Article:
17 Jul Microsoft Finds Its AI Voice
Microsoft held an intimate analyst and press event in London this week, coincident with the 20th anniversary of the founding of the Cambridge Research Lab, the European hub led by Professor Christopher Bishop. Microsoft now employs over 7,000 Artificial Intelligence (AI) research scientists and development engineers around the world under Microsoft Research (MSR) Executive VP Harry Shum, who shared the company’s vision and strategy during the keynote address. The event was clearly intended to promote Microsoft as a thought leader in the developing science and technology of AI, as the execs focused on the company’s lofty goals and initiatives, sprinkled with customer and product examples that showcased the company’s innovations.
While companies like Facebook, Google, Baidu and Tesla tend to grab more attention and headlines for their AI efforts, Microsoft has been quietly building an impressive portfolio of scientific advances, products, features and AI cloud services. However, during this and other recent corporate events, Microsoft has been more aggressively positioning itself, and indeed AI, as a force for good, where machines will be used to “amplify human ingenuity”, making the world a better place. It appears to me that Microsoft is taking great care to avoid the appearance of exploiting AI at the expense of our collective humanity. In fact, CEO Satya Nadella himself set the company on this virtuous path when he announced a set of ethical principles last year to guide the company’s AI strategy. Throughout this event, the company’s executives focused “fostering efforts that lie at the intersection of AI, people and society”, taking a feel-good approach that may lessen customers’ fears of a Hal9000 AI nightmare future, positioning the company as a trusted advisor and provider of practical AI tools, products and services.
What Did Microsoft Announce?
As an example of the influence and impact of the massive Microsoft Research organization, the company announced a new initiative called AI for Earth, a program aimed at empowering people and organizations to solve global environmental challenges by improving access to AI tools, education and skills to accelerate innovation. Microsoft also announced the formation of Microsoft Research AI, a new team of scientists within MSR, focused on meeting the computational challenges in AI. Finally, the company also announced a new partnership between MSR Cambridge and the University of Amsterdam to foster the development of machine reading research and development.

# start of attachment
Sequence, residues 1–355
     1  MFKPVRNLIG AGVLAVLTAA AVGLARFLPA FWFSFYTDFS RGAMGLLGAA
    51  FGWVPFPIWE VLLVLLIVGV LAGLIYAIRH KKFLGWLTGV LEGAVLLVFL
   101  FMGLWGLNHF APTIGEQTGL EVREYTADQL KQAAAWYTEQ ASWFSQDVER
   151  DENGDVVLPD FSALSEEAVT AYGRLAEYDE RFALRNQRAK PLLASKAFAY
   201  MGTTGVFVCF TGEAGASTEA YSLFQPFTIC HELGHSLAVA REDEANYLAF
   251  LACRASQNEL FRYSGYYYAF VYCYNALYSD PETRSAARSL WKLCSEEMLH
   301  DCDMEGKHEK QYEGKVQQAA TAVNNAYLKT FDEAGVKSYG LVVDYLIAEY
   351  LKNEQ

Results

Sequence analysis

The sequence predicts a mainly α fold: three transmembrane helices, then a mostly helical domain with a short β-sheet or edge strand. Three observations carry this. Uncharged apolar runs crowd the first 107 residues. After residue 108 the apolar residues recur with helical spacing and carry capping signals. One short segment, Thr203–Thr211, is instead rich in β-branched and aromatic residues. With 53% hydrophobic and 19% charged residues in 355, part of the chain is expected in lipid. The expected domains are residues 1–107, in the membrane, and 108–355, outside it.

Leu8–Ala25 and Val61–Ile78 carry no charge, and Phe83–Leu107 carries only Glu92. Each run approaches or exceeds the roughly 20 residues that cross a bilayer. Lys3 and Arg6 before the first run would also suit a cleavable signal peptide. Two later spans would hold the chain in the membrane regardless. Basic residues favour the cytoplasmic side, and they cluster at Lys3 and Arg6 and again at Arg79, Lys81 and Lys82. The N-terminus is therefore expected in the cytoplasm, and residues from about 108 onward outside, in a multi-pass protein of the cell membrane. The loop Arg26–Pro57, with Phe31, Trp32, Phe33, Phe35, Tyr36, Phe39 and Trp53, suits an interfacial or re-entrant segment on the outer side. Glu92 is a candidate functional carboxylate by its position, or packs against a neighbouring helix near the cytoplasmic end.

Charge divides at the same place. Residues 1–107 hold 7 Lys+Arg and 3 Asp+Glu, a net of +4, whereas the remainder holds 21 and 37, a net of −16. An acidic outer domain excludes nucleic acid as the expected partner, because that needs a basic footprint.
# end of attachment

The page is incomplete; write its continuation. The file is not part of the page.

On a more practical note, Microsoft’s overarching goal of “democratizing AI” was brought down to earth with product proof points, including a new iOS app (yes, iOS!) called Seeing AI, which narrates the world around you using images captured from your iPhone’s camera, designed for the vision-impaired. Back on the mundane desktop, a new Presentation Translator for PowerPoint, first unveiled at Microsoft Build, enables speakers to engage in simultaneous 2-way translation while giving a presentation, with automatic subtitles, and improving translation accuracy by applying knowledge gleaned from the slides’ content. While the demo was impressive, I suspect it will take some time before a presenter would trust an AI to translate their sales pitch. Another cool tool is the ability of Microsoft’s digital assistant, Cortana, to extract and track commitments made to others in emails and text messages, even if communicated on non-Microsoft platforms. Cortana can then provide timely reminders to set up a meeting or send a promised report to your boss and colleagues. And for AI developers, Microsoft further extended its impressive Cognitive Toolkit with a new Bing Entity Search API, allowing developers to tap into a pre-trained Deep Neural Network built from Bing searches for entities. This is yet another example where Microsoft has made it possible for enterprises to use, or experiment with, trained neural networks for AI tooling, potentially easing adoption of Microsoft AI technologies in risk-averse, and resource challenged, enterprise IT organizations.
If you’re familiar with those infamous corporate HR exercises designed to foster employee alignment with a company’s Mission, Vision and Values, you have surely heard of a BHAG, a Big Hairy#@! Goal. Well, Nadella’s Microsoft has set the mother of all BHAG’s for the company’s AI mission. While most AI discussions center on training machines to think, Microsoft is more concerned with how we can train and aid humans to augment our understanding and capabilities. This is certainly a lofty and noble goal that few companies would have the courage, or resources, to tackle. But the company is also delivering on the practical technologies needed to be an attractive partner and supplier to enterprises seeking to catch the AI wave. And by lowering the barriers to adoption of AI for its massive installed base of enterprise clients using Outlook, Office 365, Dynamics, Skype and LinkedIn, Microsoft is well positioned to reach a revenue inflection point and gain a competitive advantage as the world increasingly turns to AI.